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Though the Global Goals and WHS are inherently linked, the two processes have been managed separately. Many criticised the post 2015/post MDGs/SDGs process, claiming that it was being run by politicians and raising concern that ambitious goals would be meaningless without real buy in from global leaders. What can/should we learn from this experience when preparing for Istanbul in May 2016?

First, all such global processes include a painful change curve. By this I mean that there will always be an initial burst of energy, followed by growing criticism until there is an explicit denouncing of the process and/or its potential to achieve results. Finally the troops are rallied, and a compromise is met.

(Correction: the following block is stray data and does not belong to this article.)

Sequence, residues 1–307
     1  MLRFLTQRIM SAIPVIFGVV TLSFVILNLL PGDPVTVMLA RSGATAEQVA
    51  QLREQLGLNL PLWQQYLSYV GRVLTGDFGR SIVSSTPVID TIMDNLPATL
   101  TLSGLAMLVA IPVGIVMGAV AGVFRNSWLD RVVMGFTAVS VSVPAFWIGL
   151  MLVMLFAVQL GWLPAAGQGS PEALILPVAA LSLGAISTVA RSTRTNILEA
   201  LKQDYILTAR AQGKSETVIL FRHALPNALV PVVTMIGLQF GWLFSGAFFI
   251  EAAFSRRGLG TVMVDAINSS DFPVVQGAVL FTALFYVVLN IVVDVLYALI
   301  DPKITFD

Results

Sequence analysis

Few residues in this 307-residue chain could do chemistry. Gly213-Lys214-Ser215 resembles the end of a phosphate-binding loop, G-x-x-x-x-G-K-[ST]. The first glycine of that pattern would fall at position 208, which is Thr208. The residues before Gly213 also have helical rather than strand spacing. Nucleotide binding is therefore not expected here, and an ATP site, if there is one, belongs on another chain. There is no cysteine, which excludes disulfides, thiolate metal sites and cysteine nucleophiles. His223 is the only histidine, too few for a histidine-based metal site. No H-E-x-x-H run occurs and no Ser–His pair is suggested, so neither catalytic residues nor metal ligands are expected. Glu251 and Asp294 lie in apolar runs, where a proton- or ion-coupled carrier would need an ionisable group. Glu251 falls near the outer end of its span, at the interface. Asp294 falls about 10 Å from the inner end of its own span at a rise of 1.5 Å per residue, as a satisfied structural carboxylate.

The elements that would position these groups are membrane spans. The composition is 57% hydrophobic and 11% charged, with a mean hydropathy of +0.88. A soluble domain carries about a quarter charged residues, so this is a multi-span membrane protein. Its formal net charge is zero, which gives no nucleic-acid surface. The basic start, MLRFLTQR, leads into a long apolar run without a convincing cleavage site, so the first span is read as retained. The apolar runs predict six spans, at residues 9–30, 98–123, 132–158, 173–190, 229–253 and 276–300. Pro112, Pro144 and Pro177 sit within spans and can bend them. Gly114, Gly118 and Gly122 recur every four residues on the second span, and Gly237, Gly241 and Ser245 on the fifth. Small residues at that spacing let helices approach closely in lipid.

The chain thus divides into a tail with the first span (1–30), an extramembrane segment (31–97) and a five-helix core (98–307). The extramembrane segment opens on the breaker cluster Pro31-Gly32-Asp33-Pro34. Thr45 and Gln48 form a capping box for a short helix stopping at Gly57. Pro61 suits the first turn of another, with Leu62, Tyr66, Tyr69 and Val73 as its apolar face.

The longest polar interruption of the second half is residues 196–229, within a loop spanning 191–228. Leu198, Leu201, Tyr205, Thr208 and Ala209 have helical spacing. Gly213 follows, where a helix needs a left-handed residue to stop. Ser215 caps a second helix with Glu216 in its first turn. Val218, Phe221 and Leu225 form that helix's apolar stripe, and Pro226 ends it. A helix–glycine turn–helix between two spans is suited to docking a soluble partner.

At this end stage, there will be people still saying that it was all done wrong. There will be people shouting about how great the result is. And there will be those, the majority, who are simply relieved that an end has been reached.

In September 2013 in New York at the WHS kick off meeting many round the table expressed doubt that the Summit would enable any significant change. The same was heard when the first debate about the SDGs was held – how could a paper agreement really end poverty? The WHS global consultation received mixed reactions in the different regions, and consultations have been criticized for not reaching remote or vulnerable people.